The Arty Semite

Slideshow: Tennis Playing Czars and Chicken Wielding Rabbis in Russia's Silver Age

By Ezra Glinter

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Yana Wernick

When you’ve already had 10 solo exhibits by age 12 and been named the world’s youngest professional artist by the Guinness Book of World Records, where do you go from there? In the case of Stanislav “Stass” Shpanin, a 21-year-old artist from the Former Soviet Republic of Azerbaijan, you just keep painting.

Since arriving in the U.S. in 2005, Shpanin, now a student at the Hartford Art School at the University of Connecticut, has been building on an already impressive career in the Former Soviet Union and Israel. His latest exhibit, “Age of Empires,” is now on view until July 26 at the Waltuch Gallery in Tenafly, New Jersey. An opening reception for the exhibit will take place July 10.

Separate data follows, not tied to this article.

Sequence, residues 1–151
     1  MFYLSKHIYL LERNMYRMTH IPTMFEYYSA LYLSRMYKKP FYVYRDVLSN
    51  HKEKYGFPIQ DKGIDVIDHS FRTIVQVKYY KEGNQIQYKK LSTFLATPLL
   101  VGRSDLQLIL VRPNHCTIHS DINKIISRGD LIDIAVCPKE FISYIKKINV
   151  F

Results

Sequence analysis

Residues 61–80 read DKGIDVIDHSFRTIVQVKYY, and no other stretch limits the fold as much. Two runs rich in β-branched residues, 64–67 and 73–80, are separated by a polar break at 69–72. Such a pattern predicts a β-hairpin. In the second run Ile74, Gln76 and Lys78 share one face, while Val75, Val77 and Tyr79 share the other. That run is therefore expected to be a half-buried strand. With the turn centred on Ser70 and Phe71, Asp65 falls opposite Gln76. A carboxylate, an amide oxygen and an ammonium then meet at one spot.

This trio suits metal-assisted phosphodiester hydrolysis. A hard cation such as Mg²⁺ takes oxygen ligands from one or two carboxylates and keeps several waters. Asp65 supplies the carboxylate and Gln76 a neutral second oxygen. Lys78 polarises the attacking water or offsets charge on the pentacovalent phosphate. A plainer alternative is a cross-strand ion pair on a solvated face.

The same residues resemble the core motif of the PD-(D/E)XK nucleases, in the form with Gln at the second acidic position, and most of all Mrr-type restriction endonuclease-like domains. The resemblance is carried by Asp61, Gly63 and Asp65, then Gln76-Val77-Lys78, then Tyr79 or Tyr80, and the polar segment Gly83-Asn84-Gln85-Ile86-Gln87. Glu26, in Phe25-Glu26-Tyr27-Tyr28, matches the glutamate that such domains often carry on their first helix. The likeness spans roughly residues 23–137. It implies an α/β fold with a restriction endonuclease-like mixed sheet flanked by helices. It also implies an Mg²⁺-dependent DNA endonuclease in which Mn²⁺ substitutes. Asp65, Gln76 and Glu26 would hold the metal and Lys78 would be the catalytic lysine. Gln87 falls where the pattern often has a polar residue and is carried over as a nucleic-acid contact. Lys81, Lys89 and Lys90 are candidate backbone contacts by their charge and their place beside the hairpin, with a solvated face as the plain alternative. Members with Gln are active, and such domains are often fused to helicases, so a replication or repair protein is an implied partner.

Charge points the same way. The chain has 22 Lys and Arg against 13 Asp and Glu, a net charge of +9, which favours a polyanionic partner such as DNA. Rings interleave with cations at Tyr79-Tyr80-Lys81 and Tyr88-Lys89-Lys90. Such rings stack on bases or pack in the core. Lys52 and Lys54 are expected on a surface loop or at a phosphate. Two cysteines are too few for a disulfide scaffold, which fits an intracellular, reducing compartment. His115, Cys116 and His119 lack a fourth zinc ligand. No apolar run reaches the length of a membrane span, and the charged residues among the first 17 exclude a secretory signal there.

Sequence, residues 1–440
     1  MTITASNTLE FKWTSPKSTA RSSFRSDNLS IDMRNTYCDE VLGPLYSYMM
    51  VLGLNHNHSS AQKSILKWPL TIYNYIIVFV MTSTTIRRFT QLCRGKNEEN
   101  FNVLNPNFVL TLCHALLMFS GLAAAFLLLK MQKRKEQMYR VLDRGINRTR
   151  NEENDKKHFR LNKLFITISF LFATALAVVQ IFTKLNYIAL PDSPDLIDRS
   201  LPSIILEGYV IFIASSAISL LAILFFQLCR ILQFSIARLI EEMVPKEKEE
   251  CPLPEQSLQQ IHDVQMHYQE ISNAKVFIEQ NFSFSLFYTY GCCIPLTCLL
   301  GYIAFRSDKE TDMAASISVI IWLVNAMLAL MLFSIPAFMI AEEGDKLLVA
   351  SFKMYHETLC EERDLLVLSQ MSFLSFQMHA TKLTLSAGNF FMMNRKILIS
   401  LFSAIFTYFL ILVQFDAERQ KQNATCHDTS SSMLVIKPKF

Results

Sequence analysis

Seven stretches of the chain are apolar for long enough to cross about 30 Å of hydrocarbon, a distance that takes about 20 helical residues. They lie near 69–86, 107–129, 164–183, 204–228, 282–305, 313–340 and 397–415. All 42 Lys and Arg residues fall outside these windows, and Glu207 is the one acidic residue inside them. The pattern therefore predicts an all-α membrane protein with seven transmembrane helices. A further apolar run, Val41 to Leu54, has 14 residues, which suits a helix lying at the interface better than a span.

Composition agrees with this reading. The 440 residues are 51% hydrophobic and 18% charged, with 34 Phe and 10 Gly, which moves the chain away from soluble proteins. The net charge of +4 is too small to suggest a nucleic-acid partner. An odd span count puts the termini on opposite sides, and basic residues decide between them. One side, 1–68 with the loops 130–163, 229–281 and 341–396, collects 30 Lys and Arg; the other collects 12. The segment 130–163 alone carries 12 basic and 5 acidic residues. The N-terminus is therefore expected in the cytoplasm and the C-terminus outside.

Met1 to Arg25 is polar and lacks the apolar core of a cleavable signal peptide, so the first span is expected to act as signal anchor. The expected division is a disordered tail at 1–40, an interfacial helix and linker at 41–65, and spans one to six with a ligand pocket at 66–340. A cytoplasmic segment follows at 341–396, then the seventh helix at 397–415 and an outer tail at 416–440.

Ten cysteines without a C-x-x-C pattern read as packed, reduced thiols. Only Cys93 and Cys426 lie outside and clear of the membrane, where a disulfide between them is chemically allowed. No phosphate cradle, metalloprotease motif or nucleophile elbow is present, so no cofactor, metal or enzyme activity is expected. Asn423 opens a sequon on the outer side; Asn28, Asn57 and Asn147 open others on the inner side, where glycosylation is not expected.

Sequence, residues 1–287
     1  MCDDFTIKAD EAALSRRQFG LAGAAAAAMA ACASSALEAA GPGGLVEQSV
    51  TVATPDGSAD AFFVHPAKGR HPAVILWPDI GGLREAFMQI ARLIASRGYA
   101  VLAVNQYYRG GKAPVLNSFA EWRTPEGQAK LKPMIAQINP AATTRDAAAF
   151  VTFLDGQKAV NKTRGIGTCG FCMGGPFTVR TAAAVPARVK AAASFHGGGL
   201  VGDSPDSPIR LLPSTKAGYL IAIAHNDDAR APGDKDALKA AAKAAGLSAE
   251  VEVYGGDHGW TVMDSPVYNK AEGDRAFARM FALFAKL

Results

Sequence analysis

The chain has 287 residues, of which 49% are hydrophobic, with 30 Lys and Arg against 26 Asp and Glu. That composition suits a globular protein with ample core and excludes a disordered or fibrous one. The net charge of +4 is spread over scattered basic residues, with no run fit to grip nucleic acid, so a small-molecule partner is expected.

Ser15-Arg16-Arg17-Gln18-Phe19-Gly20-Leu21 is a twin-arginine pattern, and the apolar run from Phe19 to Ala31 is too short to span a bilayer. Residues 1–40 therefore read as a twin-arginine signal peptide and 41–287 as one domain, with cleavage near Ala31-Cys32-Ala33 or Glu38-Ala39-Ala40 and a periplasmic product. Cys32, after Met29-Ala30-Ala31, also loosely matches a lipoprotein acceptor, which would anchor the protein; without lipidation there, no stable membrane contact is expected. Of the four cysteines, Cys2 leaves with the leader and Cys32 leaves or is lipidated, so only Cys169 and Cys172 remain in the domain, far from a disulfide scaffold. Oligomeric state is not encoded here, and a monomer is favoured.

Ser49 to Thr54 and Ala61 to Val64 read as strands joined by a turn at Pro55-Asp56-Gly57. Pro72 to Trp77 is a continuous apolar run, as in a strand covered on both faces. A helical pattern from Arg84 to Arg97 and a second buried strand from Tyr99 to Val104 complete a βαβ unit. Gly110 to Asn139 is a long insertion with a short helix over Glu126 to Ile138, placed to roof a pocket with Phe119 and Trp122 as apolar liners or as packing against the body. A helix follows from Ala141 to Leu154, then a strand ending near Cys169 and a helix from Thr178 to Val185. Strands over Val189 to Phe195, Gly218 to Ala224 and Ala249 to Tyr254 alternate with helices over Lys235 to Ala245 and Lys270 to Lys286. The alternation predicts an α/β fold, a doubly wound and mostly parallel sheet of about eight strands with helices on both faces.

In “Age of Empires” Shpanin depicts the world of turn-of-the-century Russia, which, despite the era’s political turmoil, was considered the country’s “Silver Age,” paralleling France’s Belle Époque. The series’ paintings evoke the era with a mixture of closeness and distance; the rough brushstrokes create the impression of faded sepia photographs, while the rich colors suggest a vivid and lively world.

Shpanin’s figures are portrayed intimately, from Nicholas II playing tennis, to a rabbi handling a couple of recently slaughtered chickens. The show also displays Shpanin’s range — the humorously named “The Golden Moustache,” features a man in an official, perhaps military outfit, seated as though for a formal portrait. But the name of the painting belies the solemnity of the setting, suggesting that the man’s status rests entirely on his facial hair. The fate of gold, perhaps, in a silver age.

View a slideshow from ‘Age of Empires’:


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